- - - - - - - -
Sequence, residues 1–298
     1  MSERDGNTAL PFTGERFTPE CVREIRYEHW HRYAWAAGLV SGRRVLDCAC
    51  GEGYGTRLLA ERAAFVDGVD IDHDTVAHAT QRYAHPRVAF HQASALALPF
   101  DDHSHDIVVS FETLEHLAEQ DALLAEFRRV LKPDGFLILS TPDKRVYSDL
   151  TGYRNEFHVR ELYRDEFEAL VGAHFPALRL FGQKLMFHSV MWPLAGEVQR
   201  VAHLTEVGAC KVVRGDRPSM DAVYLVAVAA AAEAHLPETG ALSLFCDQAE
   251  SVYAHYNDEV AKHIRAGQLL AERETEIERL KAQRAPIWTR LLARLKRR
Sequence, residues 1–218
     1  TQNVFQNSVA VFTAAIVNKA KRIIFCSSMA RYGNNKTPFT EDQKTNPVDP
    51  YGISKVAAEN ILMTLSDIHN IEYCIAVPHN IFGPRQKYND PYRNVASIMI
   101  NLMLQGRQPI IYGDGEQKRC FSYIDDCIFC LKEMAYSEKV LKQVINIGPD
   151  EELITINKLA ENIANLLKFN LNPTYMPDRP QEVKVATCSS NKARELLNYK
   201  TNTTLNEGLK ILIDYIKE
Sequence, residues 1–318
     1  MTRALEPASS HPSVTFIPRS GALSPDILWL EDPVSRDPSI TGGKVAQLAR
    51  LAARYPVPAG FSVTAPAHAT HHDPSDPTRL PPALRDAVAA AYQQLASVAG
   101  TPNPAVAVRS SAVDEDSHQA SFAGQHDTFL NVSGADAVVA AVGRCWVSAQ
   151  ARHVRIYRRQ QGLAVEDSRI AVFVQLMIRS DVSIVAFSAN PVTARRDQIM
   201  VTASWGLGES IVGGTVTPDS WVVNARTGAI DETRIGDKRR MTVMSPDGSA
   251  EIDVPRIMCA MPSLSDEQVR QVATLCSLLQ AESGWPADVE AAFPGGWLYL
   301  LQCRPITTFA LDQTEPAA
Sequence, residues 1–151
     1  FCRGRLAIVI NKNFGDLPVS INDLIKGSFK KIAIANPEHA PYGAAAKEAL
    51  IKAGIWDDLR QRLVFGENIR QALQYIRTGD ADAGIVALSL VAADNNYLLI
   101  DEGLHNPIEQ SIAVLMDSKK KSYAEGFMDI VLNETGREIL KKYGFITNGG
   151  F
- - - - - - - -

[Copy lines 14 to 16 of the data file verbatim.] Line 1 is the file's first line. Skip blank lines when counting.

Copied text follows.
Sequence, residues 1–318
     1  MTRALEPASS HPSVTFIPRS GALSPDILWL EDPVSRDPSI TGGKVAQLAR
    51  LAARYPVPAG FSVTAPAHAT HHDPSDPTRL PPALRDAVAA AYQQLASVAG